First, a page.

Schools are full of difficult students.
The disengaged, the uninterested, and the downright defiant. And every teacher knows that dealing with them is draining.
But does it have to be?
We recently conducted a Customer Service SHSM workshop for a class of 50 “disengaged” students. At least, we were told they’d be disengaged when our well-meaning teacher-host led us into the classroom.
To be honest, I got the same first impression when I entered the room. The students were sitting in small clusters but they were each in their own world. Their eyes glued to their phones and their minds scurrying away from the room.
To the pleasant surprise of our host, however, they didn’t stay that way for long.
Our customer service workshop is based in storytelling. I asked the students to share their experiences being a customer - the good, the bad, and the deliciously ugly. Since misery loves company, these students jumped at the chance to gossip a little. Within minutes, most of their phones were out of mind.
Storytelling is the bread-and-butter of our ability to make sense of the world.
When someone starts sharing a story, we lean a little closer to catch all the details. When we can relate, we want to respond with stories of our own! There’s never a dull moment!
Our teacher host even got in on the action and shared a few stories of his own. The students were right there with him, gasping in disbelief as he described the time he was chased out of a store after asking to speak with the manager. And then he had the class in stitches when he told how he once managed to finagle four extra scoops of ice cream for free (which resulted in an extreme ice-cream headache). After the workshop, this teacher shared that he’d felt really connected to the students that morning. Sharing stories is powerful stuff.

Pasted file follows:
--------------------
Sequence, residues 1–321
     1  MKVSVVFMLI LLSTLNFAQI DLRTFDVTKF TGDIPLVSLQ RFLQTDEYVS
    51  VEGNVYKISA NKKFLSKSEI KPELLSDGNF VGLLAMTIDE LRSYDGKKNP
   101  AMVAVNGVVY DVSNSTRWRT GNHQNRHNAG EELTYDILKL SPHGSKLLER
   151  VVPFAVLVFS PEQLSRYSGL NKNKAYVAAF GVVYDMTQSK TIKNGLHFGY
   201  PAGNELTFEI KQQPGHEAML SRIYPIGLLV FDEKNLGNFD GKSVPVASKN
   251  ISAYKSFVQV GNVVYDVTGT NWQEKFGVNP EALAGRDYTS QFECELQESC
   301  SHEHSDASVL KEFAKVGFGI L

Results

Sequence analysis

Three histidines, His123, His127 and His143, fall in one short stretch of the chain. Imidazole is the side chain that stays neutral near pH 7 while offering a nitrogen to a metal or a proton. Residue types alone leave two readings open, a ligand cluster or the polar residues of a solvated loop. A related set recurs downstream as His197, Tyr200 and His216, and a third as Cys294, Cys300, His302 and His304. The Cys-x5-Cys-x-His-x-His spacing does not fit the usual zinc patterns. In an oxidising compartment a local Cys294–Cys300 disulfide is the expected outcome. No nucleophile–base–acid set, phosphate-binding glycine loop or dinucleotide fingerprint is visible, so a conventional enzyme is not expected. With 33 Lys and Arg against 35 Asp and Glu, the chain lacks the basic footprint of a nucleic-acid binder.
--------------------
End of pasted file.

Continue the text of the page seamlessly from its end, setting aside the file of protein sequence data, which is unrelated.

A journalist once lamented to me: “The 3-bullet powerpoint slide has killed people’s interest in learning! Our brains think in stories, not bullet points!” Sadly, many teachers haven’t yet got the message.
Every little kid loves storybooks. Movies, TV, Netflix. Even social media lets you create stories. The best videogames - they create narratives and journeys for the players. It’s all stories!
In our opinion, one of the best investments a teacher can make is to mine your past for stories. Find the connections to your subjects. Search the internet for interesting examples and applications if need be!
Don’t be afraid to tell a bold story - even one that’s a little provocative, perhaps. After all, Hollywood doesn’t make blockbusters about “moderately ho hum” events - they go big! Find a story that’s relevant to your subject, and you’ll have people hooked. Get THEM sharing a story about your subject, and they’ll be engaging each other without even realizing it!
Leave a Reply.
The Beanstalk Project is a group of entertainers-turned-educators with unconventional ideas about how to make education better.